It was also at this gathering that I was introduced to Lola la trailera.
Played by actress Rosa Gloria Chagoyán, “Lola the Truck Driver” is a super-sexy Mexican woman who inherits a big ol’ truck when her father is killed and she has to get to the bottom of things. In the process, she kicks some major ass and takes names. Seriously, she is a very different Mexican woman on screen than anything I had ever seen before: in a bar-room brawl, right after confirming on a date that “sí, soy trailera (yes, I am a trucker),” she smacks people on the head with a beer bottle instead of running away. These movies all take place on the Mexican-American border – part of a sub-genre of cheaply made, popular Mexican films derogatorily referred to as “cine churro” – and stress a different kind of nationalism than what we generally see from the likes of Alfonso Cuarón and Alejandro González Iñárritu (which actually Mexicans apparently don’t watch anyway – they do watch a lot of Lola, however). She succeeds in working against against narcotrafficking, foils her gringo nemeses and still looks good in a red mini-dress.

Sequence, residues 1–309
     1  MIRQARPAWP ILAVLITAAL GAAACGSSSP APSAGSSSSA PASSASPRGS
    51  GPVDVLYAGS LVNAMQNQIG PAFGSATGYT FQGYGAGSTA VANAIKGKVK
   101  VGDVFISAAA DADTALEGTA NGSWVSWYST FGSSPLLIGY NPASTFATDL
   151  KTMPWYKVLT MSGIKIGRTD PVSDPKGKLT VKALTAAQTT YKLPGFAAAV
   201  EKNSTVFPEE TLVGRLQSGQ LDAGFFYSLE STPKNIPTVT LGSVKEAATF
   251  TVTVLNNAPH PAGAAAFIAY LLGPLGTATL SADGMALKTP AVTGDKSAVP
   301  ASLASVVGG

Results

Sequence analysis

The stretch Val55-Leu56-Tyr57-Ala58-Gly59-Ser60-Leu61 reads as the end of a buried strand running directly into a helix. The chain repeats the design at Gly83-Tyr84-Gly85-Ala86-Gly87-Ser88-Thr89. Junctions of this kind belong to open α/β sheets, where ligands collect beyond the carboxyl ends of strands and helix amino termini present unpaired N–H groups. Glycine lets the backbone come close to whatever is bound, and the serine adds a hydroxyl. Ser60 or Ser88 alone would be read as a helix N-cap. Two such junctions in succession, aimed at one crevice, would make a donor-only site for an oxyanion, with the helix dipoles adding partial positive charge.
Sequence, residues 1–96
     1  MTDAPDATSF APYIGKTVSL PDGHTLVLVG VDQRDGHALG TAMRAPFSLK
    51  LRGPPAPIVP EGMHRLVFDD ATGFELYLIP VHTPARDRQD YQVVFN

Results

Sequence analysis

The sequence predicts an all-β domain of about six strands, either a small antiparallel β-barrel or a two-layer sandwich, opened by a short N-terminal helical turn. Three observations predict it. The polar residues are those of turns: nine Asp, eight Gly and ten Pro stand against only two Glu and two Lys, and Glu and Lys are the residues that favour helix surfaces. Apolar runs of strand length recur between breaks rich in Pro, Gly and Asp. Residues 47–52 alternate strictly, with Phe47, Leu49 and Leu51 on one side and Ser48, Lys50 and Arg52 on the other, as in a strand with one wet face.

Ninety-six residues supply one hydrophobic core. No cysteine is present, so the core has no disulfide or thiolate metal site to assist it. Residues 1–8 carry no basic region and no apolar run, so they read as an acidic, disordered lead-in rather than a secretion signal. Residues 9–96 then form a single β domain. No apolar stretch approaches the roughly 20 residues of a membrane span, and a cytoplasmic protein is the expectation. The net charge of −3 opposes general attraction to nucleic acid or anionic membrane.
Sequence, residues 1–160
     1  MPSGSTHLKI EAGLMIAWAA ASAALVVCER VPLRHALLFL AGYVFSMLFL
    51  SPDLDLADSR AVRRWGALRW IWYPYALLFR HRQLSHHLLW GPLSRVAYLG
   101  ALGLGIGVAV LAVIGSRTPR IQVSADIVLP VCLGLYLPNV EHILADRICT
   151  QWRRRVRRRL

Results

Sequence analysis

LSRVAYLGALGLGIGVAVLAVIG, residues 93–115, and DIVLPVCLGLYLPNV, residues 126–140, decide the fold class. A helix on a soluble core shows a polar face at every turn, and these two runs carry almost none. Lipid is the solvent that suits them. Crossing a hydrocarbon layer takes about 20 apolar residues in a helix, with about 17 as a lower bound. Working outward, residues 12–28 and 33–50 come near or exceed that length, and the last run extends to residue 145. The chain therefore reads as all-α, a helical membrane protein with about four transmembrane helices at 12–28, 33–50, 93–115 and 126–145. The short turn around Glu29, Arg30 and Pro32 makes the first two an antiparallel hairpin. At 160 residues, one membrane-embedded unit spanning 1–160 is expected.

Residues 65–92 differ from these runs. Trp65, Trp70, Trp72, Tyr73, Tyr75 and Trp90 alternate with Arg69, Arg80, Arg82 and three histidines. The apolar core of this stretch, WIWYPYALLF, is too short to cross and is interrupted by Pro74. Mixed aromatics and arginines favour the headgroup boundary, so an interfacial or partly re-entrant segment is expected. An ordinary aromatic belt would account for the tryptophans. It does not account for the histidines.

Honestly, I’ve only just been exposed to this myself, but I’m already smitten. One of the first things I did when the workshop ended was order a copy of the film Lola la trailera (1983) for my university so I can show clips for class. (Of her many films, it’s the only one subtitled so far.) What’s amazing is that apparently Lola-the-character has now turns the actress Chagoyán into something of a border activist herself. You’ll have to read more when this essay collection comes out sometime next year hopefully, with this article to be written by my colleague (and former advisor!) Catherine Benamou, who gave a fantastic presentation.
Thanks to YouTube (and some guy who apparently has a serious pantyhose-on-Mexican-women fetish), you can get some glimpses of what the big deal is about. Below are two pieces of what appears to be the same scene from Lola la trailera 3 from 1991; look for “Lola,” the actual truck that Lola drives, in the second clip. The other woman, by the way, is her madrina, or godmother.